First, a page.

i have an adopted daughter with many challenges. do you think she would be an ideal candidate for this, since there is no other way of my knowing her ancestor's medical history. also i wonder if it would be ethical for me to get her DNA history, since she is a minor.
thank you for your response.

Nov. 23 2007 10:30 AM
Paul from Brooklyn


How long until I can be denied a loan or job because of my genetic disposition to heart problems? When will my children face forcible sterilization due to their 'unhealthy' genes? How long until the DNA scan is mandatory?

Nov. 23 2007 10:29 AM
Robert from NYC

So that nine ninety-nine I heard you say, is it $999 or $9.99?

Nov. 23 2007 10:24 AM
google watch from nyc

tell who is behind this!

it is funded by Google billionaires

and run by his WIFE!

should we feel safe having "Googlers" with THIS info?

Nov. 23 2007 10:23 AM
Jon from Bronx, NY

I've heard about a gene that Jewish men have who are Kohanim, descended from the priests in the ancient Jewish temple. Does this company check for that gene? It could make a great Hanukkah gift!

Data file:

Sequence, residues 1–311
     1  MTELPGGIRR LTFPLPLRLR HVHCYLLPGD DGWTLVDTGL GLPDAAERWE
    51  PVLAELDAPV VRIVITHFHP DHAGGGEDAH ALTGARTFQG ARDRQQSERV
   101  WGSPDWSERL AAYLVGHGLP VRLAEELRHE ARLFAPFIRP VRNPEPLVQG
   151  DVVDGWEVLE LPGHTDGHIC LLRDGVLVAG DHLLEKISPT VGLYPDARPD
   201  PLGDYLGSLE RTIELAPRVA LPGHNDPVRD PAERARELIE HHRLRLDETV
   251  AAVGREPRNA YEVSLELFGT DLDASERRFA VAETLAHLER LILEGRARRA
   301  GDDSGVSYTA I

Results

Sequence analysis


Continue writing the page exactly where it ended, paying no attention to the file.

Nov. 23 2007 10:23 AM
Josh from Brooklyn

By knowing about your predispostion, action can be taken to help cope with the situation. Take Macular degeneration. People can be trained to read witht their periferal vision. This type of training can be started b4 the Macular degeneation sets in hard.

Nov. 23 2007 10:23 AM
Shannon from Edgewater, New Jersey

I think this is very useful for those that are adopted. I do not know my birth father and nothing about his family and so, have never known how to talk to doctors about my own health history.
While I try to live a healthy lifestyle, it would be nice to know what to look out for.

Nov. 23 2007 10:20 AM
Ruth Lande from New York

I believe I just heard someone say that your weight is mostly dependent on what you do, (eating/exercising) rather than your genetic code. Not true! Read Gina Kolata's book, "Rethinking Thin", which reviews the literature. Studies of adopted children show that weight is strongly tied to one's genes, not to what your parents feed you or what you do.

Nov. 23 2007 10:20 AM